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The Franklin Parish School Board, Army JROTC cadets, parents and its instructor continue to grabble with ideas on how to increase membership numbers and gain an additional instructor before their program is disestablished.

The group engaged in a lengthy discussion at the School Board’s agenda meeting Monday night.

Franklin Parish High School JROTC program was put on probation May 16 due to low enrollment and having only one instructor. If minimum requirements are not met by the second semester, the Army will recommend ending the program, said Master Sgt. Emma Jones Blackshire, senior Army instructor for Franklin Parish High School’s JROTC program.

Requirements for a JROTC program are a minimum of 100 cadets or 10 percent of school enrollment and two instructors, according to Army regulations.

Currently, 45 cadets are enrolled in JROTC at Franklin Parish High School up from 39 cadets recorded at the end of May, Blackshire said.

“Our priority is enrollment,” Blackshire said. “We have to significantly increase our numbers.”

The lack of knowledge about JROTC from the overall student population was a major setback to the program, Blackshire said.

“This is not a club,” Blackshire said. “A student can get credit for going through this program.”

To increase enrollment, Blackshire recommended following other regional schools in requiring a percentage of freshman to take JROTC.

“As of Aug. 26, according to JCampus, there are 256 freshmen enrolled (at Franklin Parish High School), if 25 percent of those freshman were enrolled in JROTC that would be a total of 64 cadets,” Blackshire said. “The 10th through 12th graders in JROTC would make up the shortfall. Based on the current school enrollment of 819, the program should have 82 cadets.”

JCampus is a teacher, student and parent management information system containing pertinent information concerning attendance, grades and school events.

Another major program setback is the lack of an additional instructor, Blackshire said. Last year, JROTC had a substitute instructor.

“I was told by the administrator we were not going to have a sub,” Blackshire said. “We are contractually obligated to meet the minimum standards of the program. This comes from the Department of the Army.”

In an interview Tuesday with The Franklin Sun, Franklin Parish High School Principal Brian Gunter said he had talked to Assistant Superintendent Wiley McClary. Gunter said McClary assured him Superintendent Lanny Johnson was actively searching for a qualified candidate.

Franklin Parish JROTC numbers have been in a five-year decline even with a previous two-man staff, a point brought up by Johnson.

“I don’t know the reason it has gone down the last five years, but we all want a JROTC program,” Johnson said. “We want to save this program.”

Johnson said once a qualified instructor is found he or she will be hired.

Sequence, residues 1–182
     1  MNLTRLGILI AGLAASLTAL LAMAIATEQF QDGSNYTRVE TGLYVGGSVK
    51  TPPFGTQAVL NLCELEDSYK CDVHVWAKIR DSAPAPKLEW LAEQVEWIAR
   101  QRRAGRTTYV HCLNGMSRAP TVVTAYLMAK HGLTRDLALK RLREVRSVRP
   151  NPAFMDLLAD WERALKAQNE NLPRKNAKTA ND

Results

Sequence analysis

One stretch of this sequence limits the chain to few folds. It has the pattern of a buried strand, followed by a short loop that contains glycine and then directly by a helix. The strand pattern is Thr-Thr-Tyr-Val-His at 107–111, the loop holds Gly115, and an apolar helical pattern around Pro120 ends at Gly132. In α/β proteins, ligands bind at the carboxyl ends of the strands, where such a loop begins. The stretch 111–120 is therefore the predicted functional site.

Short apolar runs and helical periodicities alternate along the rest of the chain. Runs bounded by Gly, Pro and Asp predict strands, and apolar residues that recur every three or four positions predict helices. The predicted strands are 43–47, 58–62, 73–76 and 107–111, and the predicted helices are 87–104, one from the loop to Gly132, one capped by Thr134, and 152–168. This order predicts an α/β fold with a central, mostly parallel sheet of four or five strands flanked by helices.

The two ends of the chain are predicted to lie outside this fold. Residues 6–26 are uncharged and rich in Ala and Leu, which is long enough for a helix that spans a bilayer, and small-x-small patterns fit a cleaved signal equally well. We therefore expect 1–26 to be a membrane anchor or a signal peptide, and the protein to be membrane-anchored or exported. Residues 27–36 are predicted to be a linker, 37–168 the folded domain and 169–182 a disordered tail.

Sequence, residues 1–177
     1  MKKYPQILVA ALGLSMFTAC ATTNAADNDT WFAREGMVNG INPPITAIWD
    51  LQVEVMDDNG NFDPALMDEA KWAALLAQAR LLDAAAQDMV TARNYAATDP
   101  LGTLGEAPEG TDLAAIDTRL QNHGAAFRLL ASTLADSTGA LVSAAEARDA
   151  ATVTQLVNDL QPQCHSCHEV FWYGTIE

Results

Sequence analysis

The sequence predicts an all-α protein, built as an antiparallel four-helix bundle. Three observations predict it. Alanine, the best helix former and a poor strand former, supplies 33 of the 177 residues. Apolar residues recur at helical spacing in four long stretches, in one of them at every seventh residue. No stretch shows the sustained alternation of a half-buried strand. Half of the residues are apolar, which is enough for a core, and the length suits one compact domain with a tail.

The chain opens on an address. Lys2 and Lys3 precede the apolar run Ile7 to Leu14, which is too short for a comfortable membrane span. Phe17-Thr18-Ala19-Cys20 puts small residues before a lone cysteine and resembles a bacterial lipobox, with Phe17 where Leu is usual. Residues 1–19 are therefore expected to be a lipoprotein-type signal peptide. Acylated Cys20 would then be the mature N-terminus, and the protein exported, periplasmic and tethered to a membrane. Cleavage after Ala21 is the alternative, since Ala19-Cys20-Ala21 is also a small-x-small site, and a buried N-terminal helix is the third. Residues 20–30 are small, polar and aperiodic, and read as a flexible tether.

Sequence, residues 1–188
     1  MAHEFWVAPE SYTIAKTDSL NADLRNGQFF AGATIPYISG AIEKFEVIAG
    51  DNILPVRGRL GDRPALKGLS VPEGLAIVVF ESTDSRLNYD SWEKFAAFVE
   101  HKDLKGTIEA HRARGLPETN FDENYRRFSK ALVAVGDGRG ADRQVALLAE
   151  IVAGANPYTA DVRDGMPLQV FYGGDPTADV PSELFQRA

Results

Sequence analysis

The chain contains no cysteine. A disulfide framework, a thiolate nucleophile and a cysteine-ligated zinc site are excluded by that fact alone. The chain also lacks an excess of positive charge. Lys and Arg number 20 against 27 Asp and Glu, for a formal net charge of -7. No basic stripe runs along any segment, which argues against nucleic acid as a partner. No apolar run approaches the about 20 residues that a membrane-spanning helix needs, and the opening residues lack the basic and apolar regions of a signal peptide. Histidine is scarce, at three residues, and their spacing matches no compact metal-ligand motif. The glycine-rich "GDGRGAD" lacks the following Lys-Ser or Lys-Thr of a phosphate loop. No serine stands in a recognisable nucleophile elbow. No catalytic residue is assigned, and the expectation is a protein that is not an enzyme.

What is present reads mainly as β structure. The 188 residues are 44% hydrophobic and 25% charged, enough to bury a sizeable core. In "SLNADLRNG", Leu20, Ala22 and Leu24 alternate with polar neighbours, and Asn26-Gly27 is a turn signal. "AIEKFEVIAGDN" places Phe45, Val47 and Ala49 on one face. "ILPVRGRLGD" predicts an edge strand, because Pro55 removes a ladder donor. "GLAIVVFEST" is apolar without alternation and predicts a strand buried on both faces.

“We have been looking for an instructor,” Johnson said. “We are not going to put a sub over there that is not qualified. From a superintendent’s point of view, we would hire a qualified instructor on the spot.”

More opportunities will be offered to the cadets if an additional instructor is hired, Blackshire said. Opportunities such as marksmanship training, Raider Challenge, off-campus training and STEM Camp could be offered to cadets.

“My intent is to have a rifle team if I can get help by the second semester,” Blackshire said. “Marksmanship could be the key to increased enrollment. I have 15 new air rifles in boxes, but I can’t open them because of safety issues from having only one instructor.”

On another front, student enrollment is up at Franklin Parish High School, Baskin and Gilbert schools but down at Winnsboro Elementary, Crowville and Fort Necessity schools, Johnson said.

“Our enrollment is still less than it was last year,” Johnsons said. “Our true enrollment count will be Oct. 1 to show the state. If we can get back even or show an increase we will be ok. But, if we keep decreasing students at some point we will have to decrease teachers. You can’t function if you don’t have money from the state.”

Eighty-five percent of Franklin Parish School System’s budget is from personnel, Johnson said.

The Franklin Parish School system along with other Louisiana school systems rely on funds from the Minimum Foundation Program (MFP).

Under MFP, Louisiana Department of Education annually adopts a formula heavily based on student enrollment to allocate funding for education to school districts. Funding through this program is provided to school districts as a block grant.

In other matters, two parents brought separate complaints before the School Board. One complaint involved what the parent called inappropriate disciplinary actions against her child while the other parent informed the School Board her kindergarten-aged child was put on the wrong bus resulting in her child being dropped off at her residence unattended. The parent said a neighbor saw the child and took care of him until a relative could get him. The child was supposed to be dropped off at a daycare on a different bus.

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